The Road to the Economic Super Bowl
What will we do for an encore? Will the Steeler Nation focus solely on getting Ring #7, or can some of that energy be redirected to something even more important – growing our economy?
The challenge facing us is not just how to weather the recession, but how to position ourselves for solid economic growth in the post-recession economy.
Although we’ve gotten a lot of positive attention for being a “good place to ride out the recession,” our economic performance in other years has been weak. Over the last two decades, we had the fifth lowest rate of job growth among the top 40 regions, and in most years, job growth here was less than 60% of the U.S. rate.
We know the road to the Super Bowl – it goes through Baltimore, Cincinnati, Cleveland, and the rest of the AFC. We know the key players – Roethlisberger, Ward, Holmes, Harrison. We know the stats to watch for – yards rushing, passes completed, points scored.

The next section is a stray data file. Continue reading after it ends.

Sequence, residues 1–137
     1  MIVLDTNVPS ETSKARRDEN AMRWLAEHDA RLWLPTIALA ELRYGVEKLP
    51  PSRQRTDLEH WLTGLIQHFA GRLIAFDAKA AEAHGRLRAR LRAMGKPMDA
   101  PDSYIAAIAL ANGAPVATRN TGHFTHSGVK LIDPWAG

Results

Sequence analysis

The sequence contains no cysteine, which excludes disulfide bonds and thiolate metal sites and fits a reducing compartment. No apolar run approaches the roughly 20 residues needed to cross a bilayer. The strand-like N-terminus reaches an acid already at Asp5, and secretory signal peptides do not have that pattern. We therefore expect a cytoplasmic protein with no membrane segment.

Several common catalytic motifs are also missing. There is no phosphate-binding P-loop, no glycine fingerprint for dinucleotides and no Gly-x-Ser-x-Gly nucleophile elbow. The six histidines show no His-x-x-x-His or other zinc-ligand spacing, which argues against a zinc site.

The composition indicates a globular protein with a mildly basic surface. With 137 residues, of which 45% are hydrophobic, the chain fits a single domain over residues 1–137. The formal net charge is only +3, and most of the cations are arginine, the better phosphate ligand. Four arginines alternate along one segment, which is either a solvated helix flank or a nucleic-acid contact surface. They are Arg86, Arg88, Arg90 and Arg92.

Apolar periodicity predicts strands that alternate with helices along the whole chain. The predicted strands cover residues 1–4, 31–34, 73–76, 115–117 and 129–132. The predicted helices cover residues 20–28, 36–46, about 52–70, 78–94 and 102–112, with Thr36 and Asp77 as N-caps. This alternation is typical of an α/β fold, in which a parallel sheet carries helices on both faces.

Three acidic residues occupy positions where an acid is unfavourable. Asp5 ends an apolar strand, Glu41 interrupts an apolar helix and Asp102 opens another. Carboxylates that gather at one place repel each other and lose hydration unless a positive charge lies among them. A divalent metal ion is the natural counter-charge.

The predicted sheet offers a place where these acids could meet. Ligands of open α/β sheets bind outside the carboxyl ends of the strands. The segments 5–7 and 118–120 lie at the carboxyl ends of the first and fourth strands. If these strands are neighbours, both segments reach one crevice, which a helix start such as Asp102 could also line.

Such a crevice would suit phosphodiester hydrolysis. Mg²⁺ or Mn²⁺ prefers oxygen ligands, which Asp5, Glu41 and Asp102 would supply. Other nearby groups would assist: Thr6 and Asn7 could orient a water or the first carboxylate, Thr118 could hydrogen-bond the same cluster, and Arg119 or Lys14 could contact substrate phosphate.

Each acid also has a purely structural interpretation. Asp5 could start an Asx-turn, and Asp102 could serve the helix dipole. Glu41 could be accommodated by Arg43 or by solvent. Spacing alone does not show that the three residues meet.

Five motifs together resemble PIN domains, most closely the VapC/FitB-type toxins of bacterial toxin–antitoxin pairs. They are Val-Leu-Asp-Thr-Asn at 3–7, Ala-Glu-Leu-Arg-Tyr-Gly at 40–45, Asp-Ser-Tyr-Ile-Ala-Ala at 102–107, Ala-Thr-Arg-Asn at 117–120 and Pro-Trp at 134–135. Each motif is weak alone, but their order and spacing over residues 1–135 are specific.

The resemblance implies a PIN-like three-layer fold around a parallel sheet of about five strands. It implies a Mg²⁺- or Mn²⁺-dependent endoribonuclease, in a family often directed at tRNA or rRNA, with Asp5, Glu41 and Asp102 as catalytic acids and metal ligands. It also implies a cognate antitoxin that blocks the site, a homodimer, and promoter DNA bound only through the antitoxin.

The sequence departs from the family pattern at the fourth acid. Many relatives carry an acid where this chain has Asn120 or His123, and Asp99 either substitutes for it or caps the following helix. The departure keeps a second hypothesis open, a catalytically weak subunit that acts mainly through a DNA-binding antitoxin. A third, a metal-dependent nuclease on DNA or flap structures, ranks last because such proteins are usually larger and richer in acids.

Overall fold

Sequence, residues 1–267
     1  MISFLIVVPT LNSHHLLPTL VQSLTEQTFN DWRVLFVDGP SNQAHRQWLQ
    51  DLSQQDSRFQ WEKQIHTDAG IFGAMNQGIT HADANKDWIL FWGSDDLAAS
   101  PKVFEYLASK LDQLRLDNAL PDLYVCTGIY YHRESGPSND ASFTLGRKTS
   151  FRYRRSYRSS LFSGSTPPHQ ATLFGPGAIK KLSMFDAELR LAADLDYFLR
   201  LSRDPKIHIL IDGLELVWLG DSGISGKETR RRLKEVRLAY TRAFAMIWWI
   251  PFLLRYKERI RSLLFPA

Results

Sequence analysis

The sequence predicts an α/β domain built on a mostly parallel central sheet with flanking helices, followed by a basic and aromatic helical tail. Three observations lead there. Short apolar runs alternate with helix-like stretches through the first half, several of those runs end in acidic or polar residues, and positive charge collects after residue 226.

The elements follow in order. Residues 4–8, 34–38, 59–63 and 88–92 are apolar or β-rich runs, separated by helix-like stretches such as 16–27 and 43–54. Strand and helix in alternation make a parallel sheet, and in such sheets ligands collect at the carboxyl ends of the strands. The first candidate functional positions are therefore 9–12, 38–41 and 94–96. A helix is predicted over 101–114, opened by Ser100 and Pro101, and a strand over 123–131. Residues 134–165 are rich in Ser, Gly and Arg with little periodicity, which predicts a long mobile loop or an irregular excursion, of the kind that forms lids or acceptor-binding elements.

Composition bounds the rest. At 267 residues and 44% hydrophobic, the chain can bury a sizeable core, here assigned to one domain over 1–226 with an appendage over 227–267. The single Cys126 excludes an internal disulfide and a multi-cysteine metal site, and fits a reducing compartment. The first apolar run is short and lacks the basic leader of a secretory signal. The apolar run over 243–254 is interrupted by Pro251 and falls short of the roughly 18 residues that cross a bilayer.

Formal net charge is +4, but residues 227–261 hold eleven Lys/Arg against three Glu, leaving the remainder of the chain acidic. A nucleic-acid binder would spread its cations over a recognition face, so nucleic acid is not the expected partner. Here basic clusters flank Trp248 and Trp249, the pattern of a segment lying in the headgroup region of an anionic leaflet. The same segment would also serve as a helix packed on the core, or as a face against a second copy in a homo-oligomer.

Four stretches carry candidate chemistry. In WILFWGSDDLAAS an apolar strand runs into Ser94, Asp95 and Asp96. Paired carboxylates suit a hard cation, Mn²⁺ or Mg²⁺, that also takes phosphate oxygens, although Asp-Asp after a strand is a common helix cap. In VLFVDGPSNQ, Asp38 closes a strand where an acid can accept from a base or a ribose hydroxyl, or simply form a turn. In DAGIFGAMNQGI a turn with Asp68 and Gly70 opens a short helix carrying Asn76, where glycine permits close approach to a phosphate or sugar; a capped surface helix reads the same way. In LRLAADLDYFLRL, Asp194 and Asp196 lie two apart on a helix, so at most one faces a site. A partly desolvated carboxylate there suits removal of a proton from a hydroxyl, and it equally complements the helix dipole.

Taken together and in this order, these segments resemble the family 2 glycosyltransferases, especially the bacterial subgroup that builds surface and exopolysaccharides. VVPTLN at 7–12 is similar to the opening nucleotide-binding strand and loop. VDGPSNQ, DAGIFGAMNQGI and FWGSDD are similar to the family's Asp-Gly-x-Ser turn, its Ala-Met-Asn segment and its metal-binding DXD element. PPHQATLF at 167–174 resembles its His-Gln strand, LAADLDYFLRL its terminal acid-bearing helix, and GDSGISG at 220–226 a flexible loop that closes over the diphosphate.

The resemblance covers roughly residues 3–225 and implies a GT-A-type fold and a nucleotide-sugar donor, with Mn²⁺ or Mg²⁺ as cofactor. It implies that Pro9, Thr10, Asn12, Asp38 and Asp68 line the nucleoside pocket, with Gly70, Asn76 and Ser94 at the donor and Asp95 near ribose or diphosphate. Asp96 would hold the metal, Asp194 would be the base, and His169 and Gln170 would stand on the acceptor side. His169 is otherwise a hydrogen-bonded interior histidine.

So what’s the road to more job creation? Who are the key members of the team, and what specific goals should we be pursuing? The strategy is actually quite simple:
1. Create new ideas.
2. Turn them into new products and services at new and existing companies.
3. Help companies successfully grow and create new jobs.
4. Create a workforce capable of filling those jobs.
Goal #1. Increase Funding for Our Research Universities.